One of the first questions that arise after losing power for an extended length of time is what food you need to throw out and what food is safe to keep. In this article, we have compiled a list of common foods from the fridge and freezer and guidance on which of them you can keep and which needs to be discarded. Always scrutinize each item and use your best judgment. Whenever you're in doubt, the item should be thrown out.
Food is safe in your refrigerator for up to 4 hours during a power outage, according to the FDA. Avoid opening and closing the refrigerator door, however brief, to ensure the fridge stays as cool as possible.
Use the following charts as a general guide to what food from the fridge should be thrown out after a power outage and when the food is held above 40 degrees F for more than 2 hours:
After a power outage, a freezer will hold a safe temperature for up to 48 hours if it is full and up to 24 hours if it is half full. Always keep the door closed and avoid opening and closing the door during an outage, however brief. Foods have been categorized so as to identify the ones to be discarded or reserved.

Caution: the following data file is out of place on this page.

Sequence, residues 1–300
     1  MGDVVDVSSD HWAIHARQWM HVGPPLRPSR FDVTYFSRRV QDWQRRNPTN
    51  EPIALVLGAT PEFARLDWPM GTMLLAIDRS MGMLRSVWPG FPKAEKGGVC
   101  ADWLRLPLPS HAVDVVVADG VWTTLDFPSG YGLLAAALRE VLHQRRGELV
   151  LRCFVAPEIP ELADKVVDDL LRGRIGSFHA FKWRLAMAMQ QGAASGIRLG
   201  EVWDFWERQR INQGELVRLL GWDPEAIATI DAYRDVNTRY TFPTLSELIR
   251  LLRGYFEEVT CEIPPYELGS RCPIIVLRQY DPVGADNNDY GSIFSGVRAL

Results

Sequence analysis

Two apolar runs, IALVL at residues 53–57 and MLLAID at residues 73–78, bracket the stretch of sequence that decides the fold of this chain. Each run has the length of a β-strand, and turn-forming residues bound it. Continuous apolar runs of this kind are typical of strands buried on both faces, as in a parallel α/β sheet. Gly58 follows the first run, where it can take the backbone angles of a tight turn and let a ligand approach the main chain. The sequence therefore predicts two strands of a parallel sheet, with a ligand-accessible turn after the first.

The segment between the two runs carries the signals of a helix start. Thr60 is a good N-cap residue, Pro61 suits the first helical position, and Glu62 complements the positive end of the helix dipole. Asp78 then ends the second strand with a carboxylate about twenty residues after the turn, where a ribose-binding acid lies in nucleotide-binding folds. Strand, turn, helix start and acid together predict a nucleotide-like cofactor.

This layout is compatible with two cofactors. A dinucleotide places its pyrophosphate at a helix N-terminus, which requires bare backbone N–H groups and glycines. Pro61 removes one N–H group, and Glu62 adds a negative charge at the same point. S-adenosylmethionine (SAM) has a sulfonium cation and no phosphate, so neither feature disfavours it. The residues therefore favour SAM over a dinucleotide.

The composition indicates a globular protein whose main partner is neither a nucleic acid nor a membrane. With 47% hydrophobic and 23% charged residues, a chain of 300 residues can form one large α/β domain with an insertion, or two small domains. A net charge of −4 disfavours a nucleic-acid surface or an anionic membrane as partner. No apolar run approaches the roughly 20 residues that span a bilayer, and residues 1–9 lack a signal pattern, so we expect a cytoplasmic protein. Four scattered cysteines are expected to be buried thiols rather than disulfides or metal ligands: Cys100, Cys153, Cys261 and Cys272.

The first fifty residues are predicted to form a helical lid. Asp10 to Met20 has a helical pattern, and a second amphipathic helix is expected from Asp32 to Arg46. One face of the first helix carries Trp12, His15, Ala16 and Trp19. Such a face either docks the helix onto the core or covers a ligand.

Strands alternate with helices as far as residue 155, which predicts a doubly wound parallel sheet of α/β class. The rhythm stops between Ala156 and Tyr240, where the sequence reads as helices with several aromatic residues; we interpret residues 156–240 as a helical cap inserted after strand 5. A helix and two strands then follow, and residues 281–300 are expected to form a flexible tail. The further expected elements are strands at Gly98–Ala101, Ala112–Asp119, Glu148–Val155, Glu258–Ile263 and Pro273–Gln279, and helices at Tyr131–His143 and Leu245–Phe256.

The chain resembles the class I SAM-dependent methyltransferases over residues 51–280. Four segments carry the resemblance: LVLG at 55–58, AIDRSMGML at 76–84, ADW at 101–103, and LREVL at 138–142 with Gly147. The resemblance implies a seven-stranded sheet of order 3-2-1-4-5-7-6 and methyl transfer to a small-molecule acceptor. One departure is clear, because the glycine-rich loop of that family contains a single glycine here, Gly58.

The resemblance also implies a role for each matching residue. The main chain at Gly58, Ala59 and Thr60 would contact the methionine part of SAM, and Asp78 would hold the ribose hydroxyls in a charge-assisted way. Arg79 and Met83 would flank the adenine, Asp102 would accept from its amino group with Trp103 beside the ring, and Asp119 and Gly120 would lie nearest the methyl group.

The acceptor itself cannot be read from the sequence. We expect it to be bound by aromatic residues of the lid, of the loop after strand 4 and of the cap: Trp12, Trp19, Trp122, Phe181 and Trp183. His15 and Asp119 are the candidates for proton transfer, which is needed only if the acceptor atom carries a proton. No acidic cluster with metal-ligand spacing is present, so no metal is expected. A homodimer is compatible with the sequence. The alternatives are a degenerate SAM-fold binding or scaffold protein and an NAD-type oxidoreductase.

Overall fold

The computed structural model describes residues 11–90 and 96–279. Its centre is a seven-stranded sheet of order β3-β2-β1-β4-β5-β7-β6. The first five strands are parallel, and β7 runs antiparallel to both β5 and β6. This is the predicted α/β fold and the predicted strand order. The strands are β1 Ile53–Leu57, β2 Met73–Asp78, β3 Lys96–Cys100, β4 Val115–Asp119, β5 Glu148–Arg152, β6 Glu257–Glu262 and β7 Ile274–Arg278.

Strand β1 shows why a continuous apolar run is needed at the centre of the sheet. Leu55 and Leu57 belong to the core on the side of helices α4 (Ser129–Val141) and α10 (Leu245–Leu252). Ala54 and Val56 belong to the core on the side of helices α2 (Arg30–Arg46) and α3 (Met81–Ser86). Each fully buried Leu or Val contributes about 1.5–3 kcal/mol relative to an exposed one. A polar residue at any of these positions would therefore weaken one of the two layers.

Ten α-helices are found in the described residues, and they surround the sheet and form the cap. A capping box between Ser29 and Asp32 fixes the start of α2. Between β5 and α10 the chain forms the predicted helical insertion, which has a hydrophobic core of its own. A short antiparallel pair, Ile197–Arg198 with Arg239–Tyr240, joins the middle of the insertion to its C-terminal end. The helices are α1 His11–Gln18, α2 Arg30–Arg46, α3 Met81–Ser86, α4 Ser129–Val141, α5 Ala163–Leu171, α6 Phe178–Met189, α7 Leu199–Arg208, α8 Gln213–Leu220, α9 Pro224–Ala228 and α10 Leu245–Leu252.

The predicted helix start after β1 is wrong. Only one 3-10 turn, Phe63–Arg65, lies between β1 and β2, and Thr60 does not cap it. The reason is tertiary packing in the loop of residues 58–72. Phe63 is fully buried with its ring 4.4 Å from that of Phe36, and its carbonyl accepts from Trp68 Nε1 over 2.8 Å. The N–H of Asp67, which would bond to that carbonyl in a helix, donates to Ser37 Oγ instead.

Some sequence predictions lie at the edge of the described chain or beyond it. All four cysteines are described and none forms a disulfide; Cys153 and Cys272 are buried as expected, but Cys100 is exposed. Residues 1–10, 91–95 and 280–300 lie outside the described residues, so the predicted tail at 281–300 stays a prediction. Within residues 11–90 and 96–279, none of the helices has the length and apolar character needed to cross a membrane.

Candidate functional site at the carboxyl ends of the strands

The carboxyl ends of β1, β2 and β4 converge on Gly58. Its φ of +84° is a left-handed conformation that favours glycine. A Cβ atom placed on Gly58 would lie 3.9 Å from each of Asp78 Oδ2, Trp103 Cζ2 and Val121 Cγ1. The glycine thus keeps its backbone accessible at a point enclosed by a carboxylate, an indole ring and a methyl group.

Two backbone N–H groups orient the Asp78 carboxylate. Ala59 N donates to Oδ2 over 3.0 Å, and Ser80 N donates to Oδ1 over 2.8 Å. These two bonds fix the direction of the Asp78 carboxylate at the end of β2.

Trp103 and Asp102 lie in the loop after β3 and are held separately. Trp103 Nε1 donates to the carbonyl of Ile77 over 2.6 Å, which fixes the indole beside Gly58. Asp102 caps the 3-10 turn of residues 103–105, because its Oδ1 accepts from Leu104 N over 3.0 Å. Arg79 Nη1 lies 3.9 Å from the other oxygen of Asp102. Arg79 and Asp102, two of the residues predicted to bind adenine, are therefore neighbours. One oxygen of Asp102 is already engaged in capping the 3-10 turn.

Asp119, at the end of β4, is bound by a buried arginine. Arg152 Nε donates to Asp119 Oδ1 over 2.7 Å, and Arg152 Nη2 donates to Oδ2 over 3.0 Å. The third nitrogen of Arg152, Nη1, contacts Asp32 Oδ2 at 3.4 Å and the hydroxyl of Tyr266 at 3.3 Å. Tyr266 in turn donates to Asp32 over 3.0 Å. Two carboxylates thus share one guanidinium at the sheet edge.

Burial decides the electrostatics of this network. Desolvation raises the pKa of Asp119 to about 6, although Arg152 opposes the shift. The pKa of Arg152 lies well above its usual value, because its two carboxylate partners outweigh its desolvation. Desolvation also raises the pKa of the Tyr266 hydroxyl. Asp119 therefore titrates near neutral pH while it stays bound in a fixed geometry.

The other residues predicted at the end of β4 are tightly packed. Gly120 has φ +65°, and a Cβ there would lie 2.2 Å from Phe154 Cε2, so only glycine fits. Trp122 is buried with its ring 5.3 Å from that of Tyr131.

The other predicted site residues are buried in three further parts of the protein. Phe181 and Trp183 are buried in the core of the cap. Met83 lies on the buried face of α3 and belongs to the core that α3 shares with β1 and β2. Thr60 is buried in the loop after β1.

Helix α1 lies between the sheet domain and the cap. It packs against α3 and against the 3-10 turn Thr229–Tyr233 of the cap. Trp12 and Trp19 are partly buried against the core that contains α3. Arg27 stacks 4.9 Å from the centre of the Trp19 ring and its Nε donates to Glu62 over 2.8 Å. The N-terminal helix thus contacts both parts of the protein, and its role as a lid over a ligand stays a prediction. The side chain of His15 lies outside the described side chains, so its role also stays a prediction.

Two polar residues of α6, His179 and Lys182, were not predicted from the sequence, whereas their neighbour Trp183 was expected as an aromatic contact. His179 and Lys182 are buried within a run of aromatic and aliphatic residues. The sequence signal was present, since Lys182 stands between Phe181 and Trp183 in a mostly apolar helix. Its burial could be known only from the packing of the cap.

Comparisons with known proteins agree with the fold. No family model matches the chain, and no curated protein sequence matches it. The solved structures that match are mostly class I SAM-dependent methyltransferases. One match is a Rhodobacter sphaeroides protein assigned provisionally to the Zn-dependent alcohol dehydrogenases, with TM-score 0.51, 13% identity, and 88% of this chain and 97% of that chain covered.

1. Condiments, sauces, and Sauces: Jam, jelly, chutney, pickles, olives, vinegar-based salad dressing, ketchup, mustard, BBQ sauce, soy sauce, worcestershire sauce, hoisin sauce, fish sauce, oyster sauce, mayonnaise, and tartar sauce should be kept while spaghetti sauce, pasta sauce and commercial garlic in oil should be discarded.
2. Dairy, Cheese, and Eggs: Eggs (raw or cooked), Milk, buttermilk, evaporated milk, cream, sour cream, Yogurt, kefir, Baby formula (opened), Soft cheeses (blue, Brie, Camembert, Edam, Monterey Jack, ricotta, mozzarella, Muenster, Neufchatel, chevre, queso Blanco, queso fresco), Cottage cheese, cream cheese, shredded cheese, pudding, custard, and eggnog should be discarded.
3. Hard and semi-hard cheeses (Cheddar, Colby, Swiss, Parmesan, provolone, Manchego, Gruyere, Pecorino Romano), Butter, margarine, processed cheese (e.g., Velveeta), Grated hard cheese (e.g., Parmesan) should not be thrown out.
Use the refrigerator's own thermometer or an appliance thermometer to check the temperature of the fridge after 4 hours; if it is at or below 40 degrees F, according to the FDA, your food should be safe to consume. You can also check the temperature of the food itself by using a food thermometer.
For further preservation, ice could be considered for long outages. According to the FDA: "Buy dry or block ice to keep the refrigerator as cold as possible if the power is going to be out for a prolonged period of time. Fifty pounds of dry ice should keep an 18 cubic foot, fully stocked freezer cold for two days."